(3) is displayed or presented, or is displayed or presented with other such items on the same subject matter, so as to present a balanced view of the available scientific information on a dietary supplement;
(4) if displayed in an establishment, is physically separate from the dietary supplements; and
(5) does not have appended to it any information by sticker or any other method.
(b) APPLICATION.—Subsection (a) shall not apply to or restrict a retailer or wholesaler of dietary supplements in any way whatsoever in the sale of books or other publications as a part of the business of such retailer or wholesaler.
Dr. Cameron wrote:
For more information on how protomorphogens, cell determinants, or glandular tissues can be of therapeutic value, look at the more recent subject of Oral Tolerance Therapy. OTT is touted as a ‘new and promising’ therapy for a number of diseases, using cell extracts from various glands to treat specific glandular diseases. This can help explain how eating some kidney can help a compromised kidney. This is what the catalog is talking about when supplying cell determinants.
From a quick check, Oral Tolerance Therapy seems to be a therapy related to autoimmune diseases, especially T-cell mediated disorders. To grossly oversimplify: the idea is to feed somebody with an autoimmune disorder (say, irritable bowel disease or rheumatoid arthritis) extracts from the relevant tissues to help reduce the immune system’s hyperresponsiveness and therefore reduce the attendant inflammation. However, even if it were proven to work consistently (and I think the science is still kind of uncertain on that), and assuming for the moment that protomorphogens work in the same way OTT does, most incidences of chronic feline kidney disease, as far as I know, are not due to autoimmune disorders. For example: my cat Eric’s polycystic kidney disease in particular had nothing to do with his immune system and everything to do with the fact that he’d inherited an autosomal dominant gene from one of his parents for PKD. The majority of feline kidney disease is, as far as I know, idiopathic. Additionally, the mechanism by which Oral Tolerance Therapy works also seems completely different from what is suggested in the Standard Process literature about protomorphogens. OTT works by desensitizing the immune system so it doesn’t attack the body’s own tissues. I can’t speak on how protomorphogens work, since the information sheet was confusing and opaque, but the sheet seems to claim that protomorphogens affect cell division directly, and to target specific cells or tissues in specific organs. If I’m wrong about this, I’m certainly open to being shown where and how.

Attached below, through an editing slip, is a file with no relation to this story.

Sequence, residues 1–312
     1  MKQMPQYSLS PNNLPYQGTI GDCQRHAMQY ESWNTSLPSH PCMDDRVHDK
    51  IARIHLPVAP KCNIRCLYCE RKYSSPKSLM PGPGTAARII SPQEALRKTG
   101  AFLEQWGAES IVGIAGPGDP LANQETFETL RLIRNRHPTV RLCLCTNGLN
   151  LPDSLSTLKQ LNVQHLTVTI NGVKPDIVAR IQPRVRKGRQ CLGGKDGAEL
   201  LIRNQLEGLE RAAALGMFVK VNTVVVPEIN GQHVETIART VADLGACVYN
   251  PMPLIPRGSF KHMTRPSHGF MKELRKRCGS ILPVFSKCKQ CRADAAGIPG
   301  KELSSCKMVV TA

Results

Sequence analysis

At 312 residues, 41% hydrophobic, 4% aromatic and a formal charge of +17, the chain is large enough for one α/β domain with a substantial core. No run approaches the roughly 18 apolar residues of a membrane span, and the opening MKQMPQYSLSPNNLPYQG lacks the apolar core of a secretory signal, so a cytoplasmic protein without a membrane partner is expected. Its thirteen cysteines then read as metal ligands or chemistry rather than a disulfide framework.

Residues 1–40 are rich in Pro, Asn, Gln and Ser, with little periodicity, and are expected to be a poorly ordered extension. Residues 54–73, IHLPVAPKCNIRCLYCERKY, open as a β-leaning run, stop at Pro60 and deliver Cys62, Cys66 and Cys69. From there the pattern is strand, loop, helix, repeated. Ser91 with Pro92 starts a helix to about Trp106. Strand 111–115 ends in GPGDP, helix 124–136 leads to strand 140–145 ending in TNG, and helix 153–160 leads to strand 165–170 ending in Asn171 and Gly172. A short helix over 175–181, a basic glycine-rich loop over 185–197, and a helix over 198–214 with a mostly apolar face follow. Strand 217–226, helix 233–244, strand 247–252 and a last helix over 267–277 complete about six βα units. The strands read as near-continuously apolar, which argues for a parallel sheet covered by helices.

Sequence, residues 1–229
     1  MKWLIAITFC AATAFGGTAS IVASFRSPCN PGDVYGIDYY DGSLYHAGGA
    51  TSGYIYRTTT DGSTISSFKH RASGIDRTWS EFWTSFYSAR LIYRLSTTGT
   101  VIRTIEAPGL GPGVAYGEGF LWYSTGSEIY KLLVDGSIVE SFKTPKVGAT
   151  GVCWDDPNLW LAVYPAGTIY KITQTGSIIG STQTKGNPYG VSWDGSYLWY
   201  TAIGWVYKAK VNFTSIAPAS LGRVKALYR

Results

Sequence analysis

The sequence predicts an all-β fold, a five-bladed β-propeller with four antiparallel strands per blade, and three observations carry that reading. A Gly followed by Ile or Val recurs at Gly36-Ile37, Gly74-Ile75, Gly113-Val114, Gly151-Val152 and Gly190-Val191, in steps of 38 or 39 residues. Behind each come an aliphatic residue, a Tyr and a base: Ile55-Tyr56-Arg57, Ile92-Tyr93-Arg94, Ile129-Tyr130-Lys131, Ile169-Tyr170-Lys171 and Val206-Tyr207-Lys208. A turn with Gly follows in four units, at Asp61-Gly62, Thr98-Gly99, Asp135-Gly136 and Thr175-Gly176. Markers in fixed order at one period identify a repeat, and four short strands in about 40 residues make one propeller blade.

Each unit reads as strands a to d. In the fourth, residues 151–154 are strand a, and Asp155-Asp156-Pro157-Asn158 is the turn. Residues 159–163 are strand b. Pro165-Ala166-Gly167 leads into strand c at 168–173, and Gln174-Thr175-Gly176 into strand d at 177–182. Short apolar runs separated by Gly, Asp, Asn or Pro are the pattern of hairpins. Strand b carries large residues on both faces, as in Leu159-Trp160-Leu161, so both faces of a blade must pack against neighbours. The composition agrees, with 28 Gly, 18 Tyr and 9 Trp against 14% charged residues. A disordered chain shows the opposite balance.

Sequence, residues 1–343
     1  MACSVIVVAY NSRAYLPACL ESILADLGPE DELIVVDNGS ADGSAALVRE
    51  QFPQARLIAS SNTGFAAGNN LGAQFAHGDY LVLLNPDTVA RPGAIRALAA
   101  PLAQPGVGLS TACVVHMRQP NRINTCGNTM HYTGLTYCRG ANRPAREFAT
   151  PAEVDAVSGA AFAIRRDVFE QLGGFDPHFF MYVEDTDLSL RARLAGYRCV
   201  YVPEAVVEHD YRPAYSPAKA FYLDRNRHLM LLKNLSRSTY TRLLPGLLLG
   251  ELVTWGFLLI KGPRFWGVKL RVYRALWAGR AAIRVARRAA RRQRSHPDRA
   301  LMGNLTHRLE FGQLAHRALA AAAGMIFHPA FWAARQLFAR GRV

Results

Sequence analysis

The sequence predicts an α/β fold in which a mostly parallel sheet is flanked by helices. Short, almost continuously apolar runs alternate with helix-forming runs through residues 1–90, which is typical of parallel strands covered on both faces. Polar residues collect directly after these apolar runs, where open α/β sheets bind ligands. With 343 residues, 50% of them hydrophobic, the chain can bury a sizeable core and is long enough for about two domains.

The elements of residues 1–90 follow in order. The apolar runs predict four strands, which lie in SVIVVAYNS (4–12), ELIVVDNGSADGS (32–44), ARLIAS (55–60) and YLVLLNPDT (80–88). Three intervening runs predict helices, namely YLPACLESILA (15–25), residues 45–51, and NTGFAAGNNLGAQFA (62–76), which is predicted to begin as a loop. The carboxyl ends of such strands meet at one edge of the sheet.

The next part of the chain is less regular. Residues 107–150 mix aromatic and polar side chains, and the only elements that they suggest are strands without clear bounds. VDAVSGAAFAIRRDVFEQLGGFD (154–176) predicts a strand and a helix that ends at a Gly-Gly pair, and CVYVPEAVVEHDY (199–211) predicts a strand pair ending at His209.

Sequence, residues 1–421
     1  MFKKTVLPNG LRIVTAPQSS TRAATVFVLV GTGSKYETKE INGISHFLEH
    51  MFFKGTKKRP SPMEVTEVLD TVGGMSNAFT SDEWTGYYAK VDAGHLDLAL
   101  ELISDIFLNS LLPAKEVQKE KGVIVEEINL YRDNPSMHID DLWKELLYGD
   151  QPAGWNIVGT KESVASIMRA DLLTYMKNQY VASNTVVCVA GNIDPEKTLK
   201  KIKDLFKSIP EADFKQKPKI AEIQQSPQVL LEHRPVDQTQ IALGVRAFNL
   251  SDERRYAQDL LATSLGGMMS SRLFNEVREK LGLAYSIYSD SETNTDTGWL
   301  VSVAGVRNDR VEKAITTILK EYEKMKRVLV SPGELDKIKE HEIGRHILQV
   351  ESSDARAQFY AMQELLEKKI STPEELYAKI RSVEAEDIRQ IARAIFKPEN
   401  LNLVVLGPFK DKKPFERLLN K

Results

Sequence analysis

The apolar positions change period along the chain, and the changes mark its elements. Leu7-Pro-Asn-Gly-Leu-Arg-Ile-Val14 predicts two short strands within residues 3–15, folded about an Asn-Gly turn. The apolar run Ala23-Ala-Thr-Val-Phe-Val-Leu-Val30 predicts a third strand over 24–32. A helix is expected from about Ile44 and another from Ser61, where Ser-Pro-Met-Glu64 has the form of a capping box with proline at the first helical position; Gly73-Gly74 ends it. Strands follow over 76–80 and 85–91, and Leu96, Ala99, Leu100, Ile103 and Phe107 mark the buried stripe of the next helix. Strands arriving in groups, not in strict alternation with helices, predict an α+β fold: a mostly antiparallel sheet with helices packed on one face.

Dr. Cameron wrote:
Your not understanding what cell determinants are does not qualify you to say they do not exist or cannot be of clinical value. But I will agree that the writing could be more precise.
If I’m wrong about this, then I’d love to be educated on the fact—in fact, I would love to have a primer on just exactly what protomorphogens are and how they work. I’ve sent a copy of the Standard Process fact sheet to biochemist friends of mine, and they’ve come right out and said that the “mineral template” idea is nonsensical and not how cell determinants work; they also pointed out that substances that could have the sort of dramatic effect on cells claimed by Standard Process would be along the lines of hormones, mutagens and teratogens, and almost definitely not qualify as a mere supplement—it would be regulated as a drug by the FDA. It doesn’t help that “protomorphogen” seems to be a trademarked term of art, so searching science journal databases doesn’t turn up anything, and Googling merely turns up information sheets and promotional materials written by Standard Process or by sites selling Standard Process supplements.
Dr. Cameron wrote:
4. Dr. Royal Lee spent his life fighting the FDA, and yes, he was brought up before them several times. He was an outspoken critic of the adulteration of foods that came into common practice starting in the 1920’s (bleaching of flour, high-heat processing of foods, processing of foods to increase shelf life, the addition of sugar to so many foods, etc.) He constantly wrote letters to the FDA and other industry leaders pointing out the negative health effects these foods were having. As a dentist, he saw oral pathology due to nutritional deficiencies. This is how he came to start Standard Process Inc. – using quality food sources to replace the trace nutrients that were being lost in the food supply. The FDA and others took offense at his criticism and did go after him. Some of his claims (back in the 1930’s and 1940’s) were that these processed foods would lead to increased obesity, heart disease, cancer and diabetes. Are we seeing any of these conditions today? Are they increasing in frequency? Do we eat a lot of processed foods? Do our animals? As veterinarians, we are seeing the same increase in the same diseases in our pets as in humans. Be sure you check other sources besides QuackBusters.